‘Capitol Connection’ – It’s Just Too Expensive

November 16, 2011

On Wednesday, October 26th, the General Assembly came together for a special session to discuss and vote on two major legislative bills. In the matter of about nine hours, the Senate passed both bills totaling nearly $1 billion in spending. One bill allocated $291 million to Jackson Laboratory, a Maine-based biomedical company, to create a facility in Farmington and employ 300 people in 10 years. The second bill was a $701 million package designed to foster job creation in Connecticut. While both bills contained some good ideas, I opposed them both because I could not justify spending so much taxpayer money for so little return.

I explained my opposition to the bill in a speech on the floor of the State Senate, and I will share part of my thought process with you in this column. My criticisms are centered in that many of these costly initiatives will have little to no effect on the economy in the near future.

The Senate first voted on whether or not we should provide incentives worth nearly $300 million to bring Jackson laboratory to our state. As a research institution on the forefront of genomic medicine, Jackson Labs is developing personalized medicine that is matched specifically to one’s individual genetics. Many consider this technology to be the future of medicine. During these cash-strapped times, however, the state should be tightening its belt instead of giving out large taxpayer-funded loans to risky projects. If the deal falls apart, the state could lose much of its investment. And, for nearly $300 million, the deal itself promises only 300 jobs over the next ten years – a dismal return on investment by my estimation.

Job creation is extremely important in our communities. When a parent loses their job or they cannot find a job, the entire family is affected. It is imperative that the state legislature act responsibly in improving the business climate and spurring job creation. After reviewing the details of the jobs bill, I found issue with a number of provisions. Some have no reason being in a jobs bill, while others are well-intentioned but flawed.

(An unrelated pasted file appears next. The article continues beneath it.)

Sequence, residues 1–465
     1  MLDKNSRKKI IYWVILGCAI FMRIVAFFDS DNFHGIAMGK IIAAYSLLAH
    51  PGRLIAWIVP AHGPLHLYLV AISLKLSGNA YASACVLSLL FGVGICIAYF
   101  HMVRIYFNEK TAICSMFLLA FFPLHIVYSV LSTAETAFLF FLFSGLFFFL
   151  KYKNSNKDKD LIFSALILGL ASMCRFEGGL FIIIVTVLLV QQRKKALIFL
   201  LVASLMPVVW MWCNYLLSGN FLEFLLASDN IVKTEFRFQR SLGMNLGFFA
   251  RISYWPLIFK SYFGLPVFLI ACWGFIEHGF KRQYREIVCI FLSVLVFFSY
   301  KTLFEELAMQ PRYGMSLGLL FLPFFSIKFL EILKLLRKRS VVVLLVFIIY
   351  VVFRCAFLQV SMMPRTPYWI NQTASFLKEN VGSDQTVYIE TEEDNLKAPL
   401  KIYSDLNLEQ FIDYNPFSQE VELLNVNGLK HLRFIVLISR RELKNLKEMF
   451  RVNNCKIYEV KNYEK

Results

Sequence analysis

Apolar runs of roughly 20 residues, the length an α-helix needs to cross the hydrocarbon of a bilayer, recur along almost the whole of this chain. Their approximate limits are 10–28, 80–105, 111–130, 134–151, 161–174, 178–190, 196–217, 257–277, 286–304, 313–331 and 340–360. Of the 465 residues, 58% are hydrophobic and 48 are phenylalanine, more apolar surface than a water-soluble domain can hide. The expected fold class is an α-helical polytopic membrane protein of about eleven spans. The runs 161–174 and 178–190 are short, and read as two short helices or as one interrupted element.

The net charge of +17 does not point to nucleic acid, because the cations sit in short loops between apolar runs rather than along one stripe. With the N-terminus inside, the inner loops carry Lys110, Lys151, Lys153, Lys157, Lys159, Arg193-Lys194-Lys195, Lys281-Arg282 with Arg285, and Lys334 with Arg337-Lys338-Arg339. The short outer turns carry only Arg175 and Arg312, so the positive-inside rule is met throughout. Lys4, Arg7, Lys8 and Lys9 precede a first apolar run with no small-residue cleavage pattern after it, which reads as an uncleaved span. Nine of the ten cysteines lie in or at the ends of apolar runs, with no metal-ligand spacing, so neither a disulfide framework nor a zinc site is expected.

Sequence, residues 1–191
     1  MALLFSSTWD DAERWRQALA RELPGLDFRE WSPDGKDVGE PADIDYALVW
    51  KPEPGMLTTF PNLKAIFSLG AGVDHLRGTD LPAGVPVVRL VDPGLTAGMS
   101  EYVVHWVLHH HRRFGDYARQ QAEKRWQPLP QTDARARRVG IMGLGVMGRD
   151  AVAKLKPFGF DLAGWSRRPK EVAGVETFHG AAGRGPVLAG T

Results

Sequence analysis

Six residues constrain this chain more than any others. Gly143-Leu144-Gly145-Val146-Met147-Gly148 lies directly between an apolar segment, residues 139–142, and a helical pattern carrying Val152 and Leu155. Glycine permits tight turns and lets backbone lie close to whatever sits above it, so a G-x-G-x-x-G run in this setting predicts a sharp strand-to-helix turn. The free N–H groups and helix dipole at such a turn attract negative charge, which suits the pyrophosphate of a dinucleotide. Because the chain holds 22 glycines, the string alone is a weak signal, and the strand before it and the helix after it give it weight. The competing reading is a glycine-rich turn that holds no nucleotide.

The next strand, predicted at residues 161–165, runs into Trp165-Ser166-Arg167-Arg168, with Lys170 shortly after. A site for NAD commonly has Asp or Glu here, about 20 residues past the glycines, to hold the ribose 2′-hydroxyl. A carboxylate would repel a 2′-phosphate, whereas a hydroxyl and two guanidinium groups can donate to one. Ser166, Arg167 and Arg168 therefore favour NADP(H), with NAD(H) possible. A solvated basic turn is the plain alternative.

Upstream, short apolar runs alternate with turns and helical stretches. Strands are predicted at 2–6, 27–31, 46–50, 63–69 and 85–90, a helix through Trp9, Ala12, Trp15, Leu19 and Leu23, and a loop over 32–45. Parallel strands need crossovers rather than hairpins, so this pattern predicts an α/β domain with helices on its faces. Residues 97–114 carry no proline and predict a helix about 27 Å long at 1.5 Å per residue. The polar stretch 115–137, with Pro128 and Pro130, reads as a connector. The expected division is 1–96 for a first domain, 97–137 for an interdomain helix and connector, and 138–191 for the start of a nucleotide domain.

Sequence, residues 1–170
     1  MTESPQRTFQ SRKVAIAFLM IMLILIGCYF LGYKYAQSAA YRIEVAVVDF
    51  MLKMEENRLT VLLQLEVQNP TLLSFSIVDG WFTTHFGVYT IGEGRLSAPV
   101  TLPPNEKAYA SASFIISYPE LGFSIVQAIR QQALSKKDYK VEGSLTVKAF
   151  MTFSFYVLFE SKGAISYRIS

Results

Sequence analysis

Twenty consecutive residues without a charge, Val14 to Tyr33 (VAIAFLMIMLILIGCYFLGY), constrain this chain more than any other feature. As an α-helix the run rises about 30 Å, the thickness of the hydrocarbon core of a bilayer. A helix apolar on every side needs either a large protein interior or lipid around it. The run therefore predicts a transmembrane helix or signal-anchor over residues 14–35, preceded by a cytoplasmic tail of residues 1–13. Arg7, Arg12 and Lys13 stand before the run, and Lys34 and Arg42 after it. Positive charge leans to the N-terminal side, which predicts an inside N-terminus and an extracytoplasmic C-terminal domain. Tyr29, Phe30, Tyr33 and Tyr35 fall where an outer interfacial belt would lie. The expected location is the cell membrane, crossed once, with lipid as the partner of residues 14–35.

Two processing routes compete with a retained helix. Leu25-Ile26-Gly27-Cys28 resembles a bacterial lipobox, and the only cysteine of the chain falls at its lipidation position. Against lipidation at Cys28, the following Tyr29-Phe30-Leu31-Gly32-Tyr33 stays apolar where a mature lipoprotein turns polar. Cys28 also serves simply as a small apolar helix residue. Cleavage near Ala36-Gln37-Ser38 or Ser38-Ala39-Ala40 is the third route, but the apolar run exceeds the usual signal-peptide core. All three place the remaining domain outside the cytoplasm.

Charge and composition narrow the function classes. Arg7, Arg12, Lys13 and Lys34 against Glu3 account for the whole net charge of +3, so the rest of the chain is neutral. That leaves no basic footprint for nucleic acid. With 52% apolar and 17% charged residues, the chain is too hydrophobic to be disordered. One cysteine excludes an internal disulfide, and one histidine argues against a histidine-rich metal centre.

The objective of the jobs special session was to provide immediate help to job creators and the unemployed. This bill will not achieve that objective. For example, the bill lessens the business entity tax by half. The problem, however, is that the reduction does not take place for two years. Business owners will not feel any effect from this measure until they file their taxes in year three. If we want to boost hiring today, why are we delaying this provision for so long?

There is also a new initiative to redevelop brownfields, which are abandoned and polluted industrial properties. It would be excellent to clean up these old and unused resources, but we already have a $17.5 million superfund program with 13 designated projects that was designed to deal with this problem. Nearby in Canton, the Swift Chemical facility has been a part of the program for 12 years and it hasn’t been touched. Why not use the $17.5 million already allocated to these projects instead of creating and funding a new program?

In the end, it comes down to price. The state simply cannot continue down this path of insatiable spending. The nearly $700 million to be borrowed through bonding to fund the jobs package will result in a payment of about $1.1 billion after interest is included. We now know that the state agencies are unwilling to make any significant cuts to limit state spending. This means that the funds will have to come from elsewhere, namely taxpayers. Governor Malloy has said that there will be no more tax increases, but we will all be forced to pay more without significant cuts in state spending.

As legislators, we make decisions every day. Every time I enter the Senate Chamber, I ask myself important and necessary questions. Is this bill going to help or hurt my constituents? What is best for Connecticut? After reading the bill and reviewing all the facts, I decided that it was not in the best interest of my constituents and I voted against it. Times are tough for everyone. It’s time for the state to put the credit card away and get out of the way of businesses. If we want to spur job creation, we need to lower taxes and reduce regulations in a more immediate and cost-effective way. Following the devastating snowstorm that crippled our district, it’s especially time to reconsider how we’re spending taxpayer money to benefit the state.